Our voices lower, "and that piece must have just given in."
Our voices get even lower "and it's been leaning there ever since."
("Far Out" p. 5)

Briones obviously believes there is some larger meaning to this image, yet I simply don't see it. The passage describes a rock, and it remains about nothing more than a rock.

Briones, it would appear, has worked as a journalist in the past. It shows. It shows in his ability to pick sharp details, which illustrate his point. He can tell a story, capture a scene, delineate a character. But in the end, he has trouble getting beyond those details. The pieces feel more like reporting than poetry.

This is true of "The City of Lost Girls" (p. 46), the centerpiece of the book, which tells the story of the murdered women of Juarez, Mexico. As reporting, it is a powerful tale of incomprehensible horror. But as poetry, it fails to evoke the larger evil he seems to be after.

There are times when Briones come close, when he chooses a metaphor which does resonate and expand. This is true of the opening poem, "Saved" (p. 3):

I spilled blood
all over the grotto
and some clever sojourner
put it in a chalice,
gave a toast
to second chances,
then sewed my heart
with golden thread
and it started beating again.

As this is his first book of poetry, I would not be surprised to see Briones grow as a poet. He certainly has a solid foundation in his use of words. Now he just needs to strive a little harder for the larger truths behind his words.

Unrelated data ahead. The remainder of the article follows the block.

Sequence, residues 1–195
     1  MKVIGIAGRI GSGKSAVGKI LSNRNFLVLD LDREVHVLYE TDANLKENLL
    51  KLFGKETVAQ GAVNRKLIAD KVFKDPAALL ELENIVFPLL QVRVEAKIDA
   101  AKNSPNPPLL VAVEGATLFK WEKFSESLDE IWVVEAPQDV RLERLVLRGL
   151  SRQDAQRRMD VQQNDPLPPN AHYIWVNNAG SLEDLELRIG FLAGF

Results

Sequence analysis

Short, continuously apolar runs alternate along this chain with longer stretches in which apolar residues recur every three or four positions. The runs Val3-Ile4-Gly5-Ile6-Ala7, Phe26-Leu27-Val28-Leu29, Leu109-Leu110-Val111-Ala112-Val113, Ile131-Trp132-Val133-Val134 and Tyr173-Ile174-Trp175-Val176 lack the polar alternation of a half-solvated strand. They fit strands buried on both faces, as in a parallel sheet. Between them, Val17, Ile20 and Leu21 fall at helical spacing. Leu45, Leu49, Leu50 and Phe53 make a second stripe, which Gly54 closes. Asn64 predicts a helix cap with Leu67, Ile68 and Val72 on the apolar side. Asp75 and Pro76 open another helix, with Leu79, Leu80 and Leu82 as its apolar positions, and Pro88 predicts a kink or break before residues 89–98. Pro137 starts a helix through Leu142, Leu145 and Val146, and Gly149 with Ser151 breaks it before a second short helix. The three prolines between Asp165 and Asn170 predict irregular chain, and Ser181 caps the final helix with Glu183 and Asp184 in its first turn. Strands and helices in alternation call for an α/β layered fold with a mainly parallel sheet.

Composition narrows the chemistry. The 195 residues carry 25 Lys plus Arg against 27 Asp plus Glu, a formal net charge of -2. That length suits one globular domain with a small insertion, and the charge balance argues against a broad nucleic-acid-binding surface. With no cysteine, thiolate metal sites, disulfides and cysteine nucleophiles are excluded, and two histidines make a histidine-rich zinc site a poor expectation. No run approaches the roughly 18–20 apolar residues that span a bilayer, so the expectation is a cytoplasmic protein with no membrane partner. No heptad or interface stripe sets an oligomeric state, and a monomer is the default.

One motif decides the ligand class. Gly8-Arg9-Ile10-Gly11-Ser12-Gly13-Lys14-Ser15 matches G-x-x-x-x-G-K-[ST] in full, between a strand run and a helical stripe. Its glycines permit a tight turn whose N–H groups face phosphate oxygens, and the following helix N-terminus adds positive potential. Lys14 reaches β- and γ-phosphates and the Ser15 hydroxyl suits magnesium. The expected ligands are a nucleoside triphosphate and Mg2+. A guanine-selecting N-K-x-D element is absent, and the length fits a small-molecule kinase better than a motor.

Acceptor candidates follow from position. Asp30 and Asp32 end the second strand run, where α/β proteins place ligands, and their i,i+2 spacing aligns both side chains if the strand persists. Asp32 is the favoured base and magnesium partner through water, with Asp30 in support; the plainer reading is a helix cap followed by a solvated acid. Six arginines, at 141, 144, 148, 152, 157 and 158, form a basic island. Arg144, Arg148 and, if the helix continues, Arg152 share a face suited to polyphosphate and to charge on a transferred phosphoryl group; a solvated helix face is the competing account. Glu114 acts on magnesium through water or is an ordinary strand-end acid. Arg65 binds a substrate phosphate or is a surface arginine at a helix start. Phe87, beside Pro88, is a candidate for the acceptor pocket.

But for now, the poet remains.... a journalist.

—G. Murray Thomas

Mother's Urn: Memoir Dust
Book by Kalamity J
Illustrated by Antonina Gribnikova
Ink Pen Mutations (www.inkpenmutations.com)

Mother's Dust contains four tales of abusive relationships. They are told with an appropriate intensity, through carefully polished images. Yet in the end they still feel thin.

The problem is that all the stories are told from a single perspective, that of the child in the relationship. In the final story, "the New Lesson," that limited perspective is appropriate, and lends power to the story. "The New Lesson" explores the relationship between a mother and daughter through the memory of a day at the beach, when they both alternate between ignoring the other, and then overcompensate with excessive attention.

But that singular perspective cannot sustain the whole book. Too often I found myself wanting to know more of the story, wanting some interior for the characters.

This is especially true of the opening piece, "Christmas Myth," which tells the story of a passionate relationship gone bad. But it is all surface detail. What went wrong is never fully explained. Drugs and alcohol are mentioned, but they feel inadequate (or perhaps just clichéd). The characters are introduced, but never fleshed out. I wanted to know these people, but was only given their surfaces.

Still, within the limits of what they are, these stories do capture some of the horror of such relationships, and the trapped feelings of those within them.

And Kalamity J can get off a good line, such as "They take separate mints, but have the same taste in their mouth." ("Christmas Myth")

Mother's Urn is worth purchasing for the artwork alone. Antonina Gribnikova's illustrations are hallucinatory fantasies which capture the emotions of the writing. The pictures are complex, with an overload of details. On one level, these details draw us, let us get lost in the pictures. But they also capture the overwhelming nature of the outer world, from the child's perspective. In that way, they perfectly illustrate these frightening and claustrophobic tales.

—G. Murray Thomas